Delineation of map units is based on sediment-core descriptions (e.g., texture, color, and composition) from 469 locations and seafloor morphology, which was assessed from a seamless NOAA/USGS topo-bathymetric model (Pendleton et al., 2014).
Delaware, Maryland and Virginia have each partnered with the Bureau of Ocean Energy Management to find new sand sources using existing mapping data. As part of the federal Disaster Relief Appropriations Act of 2013, which allocated $13.6 million to the bureau, all three states will each receive $200,000 for the two-year project.
The Delaware Geological Survey (DGS) has published a new geologic map of the Bethany Beach and Fenwick Island area in eastern Sussex County titled Geologic Map of the Bethany Beach and Assawoman Bay Quadrangles, Delaware.
Geologic Map 18 presents the results of research by Kelvin W. Ramsey and Jaime Tomlinson of the DGS and is the first web-only map published by the DGS.
The geologic history of the surficial units of the Bethany Beach and Assawoman Bay Quadrangles is that of deposition of the Beaverdam Formation and its subsequent modification by erosion and deposition related to sea-level fluctuations during the Pleistocene. The geology reflects this complex history onshore, in Indian River Bay and Assawoman Bay, and offshore in the Atlantic Ocean.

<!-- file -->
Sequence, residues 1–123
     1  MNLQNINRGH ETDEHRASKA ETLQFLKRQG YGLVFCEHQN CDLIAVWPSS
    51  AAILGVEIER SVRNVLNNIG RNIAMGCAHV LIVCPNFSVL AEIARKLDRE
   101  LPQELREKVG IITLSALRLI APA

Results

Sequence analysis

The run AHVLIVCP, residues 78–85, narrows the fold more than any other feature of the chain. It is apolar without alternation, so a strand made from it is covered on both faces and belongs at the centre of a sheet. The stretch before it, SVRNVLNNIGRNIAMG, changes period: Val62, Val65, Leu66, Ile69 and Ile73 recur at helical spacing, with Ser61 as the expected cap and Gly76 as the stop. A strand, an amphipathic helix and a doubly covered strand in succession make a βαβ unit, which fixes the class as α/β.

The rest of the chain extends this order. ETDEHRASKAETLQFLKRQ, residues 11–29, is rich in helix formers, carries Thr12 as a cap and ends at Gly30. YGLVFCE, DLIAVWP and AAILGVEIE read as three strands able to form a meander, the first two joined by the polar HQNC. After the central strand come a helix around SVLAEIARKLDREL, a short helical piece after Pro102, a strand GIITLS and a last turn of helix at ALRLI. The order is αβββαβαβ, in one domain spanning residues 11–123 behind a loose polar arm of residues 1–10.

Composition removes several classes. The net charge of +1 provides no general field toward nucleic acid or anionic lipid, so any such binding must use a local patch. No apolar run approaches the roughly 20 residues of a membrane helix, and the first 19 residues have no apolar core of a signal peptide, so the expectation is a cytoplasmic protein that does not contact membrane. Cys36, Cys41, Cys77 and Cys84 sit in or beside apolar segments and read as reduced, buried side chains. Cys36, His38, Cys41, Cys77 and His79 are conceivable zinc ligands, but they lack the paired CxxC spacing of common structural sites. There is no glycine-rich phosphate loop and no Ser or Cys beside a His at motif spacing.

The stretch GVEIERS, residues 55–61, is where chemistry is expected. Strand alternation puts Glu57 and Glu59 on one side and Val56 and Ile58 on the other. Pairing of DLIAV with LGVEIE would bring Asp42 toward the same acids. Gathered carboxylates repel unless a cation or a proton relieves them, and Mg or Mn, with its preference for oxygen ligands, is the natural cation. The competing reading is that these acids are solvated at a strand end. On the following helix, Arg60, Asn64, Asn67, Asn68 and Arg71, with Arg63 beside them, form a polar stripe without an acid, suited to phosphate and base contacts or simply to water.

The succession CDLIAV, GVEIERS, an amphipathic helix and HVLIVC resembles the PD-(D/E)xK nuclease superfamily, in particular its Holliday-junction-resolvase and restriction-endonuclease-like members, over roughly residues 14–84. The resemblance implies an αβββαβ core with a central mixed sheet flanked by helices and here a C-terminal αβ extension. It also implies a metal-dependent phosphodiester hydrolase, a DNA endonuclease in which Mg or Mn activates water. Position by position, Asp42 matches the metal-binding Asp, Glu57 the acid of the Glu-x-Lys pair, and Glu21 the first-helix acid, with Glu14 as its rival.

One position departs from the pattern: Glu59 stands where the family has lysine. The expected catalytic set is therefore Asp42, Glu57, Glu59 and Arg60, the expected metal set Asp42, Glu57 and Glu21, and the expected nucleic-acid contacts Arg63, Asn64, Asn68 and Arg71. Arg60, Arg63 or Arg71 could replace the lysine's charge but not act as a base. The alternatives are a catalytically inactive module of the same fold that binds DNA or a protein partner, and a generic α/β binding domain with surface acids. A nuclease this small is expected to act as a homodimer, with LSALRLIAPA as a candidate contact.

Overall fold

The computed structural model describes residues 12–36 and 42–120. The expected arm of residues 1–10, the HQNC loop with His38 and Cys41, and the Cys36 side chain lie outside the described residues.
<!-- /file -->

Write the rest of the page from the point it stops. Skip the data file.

The Bethany Beach borehole (Qj32-27) provides a nearly continuous record of the Oligocene to Pleistocene formations of eastern Sussex County, Delaware. This 1470-ft-deep, continuously cored hole penetrated Oligocene, Miocene, and Pleistocene stratigraphic units that contain important water-bearing intervals. The resulting detailed data on lithology, ages, and environments make this site an important reference section for the subsurface geology of the region.
Geology and hydrology of the Southern Coastal Area, Delaware. There are 2 sheets in this series.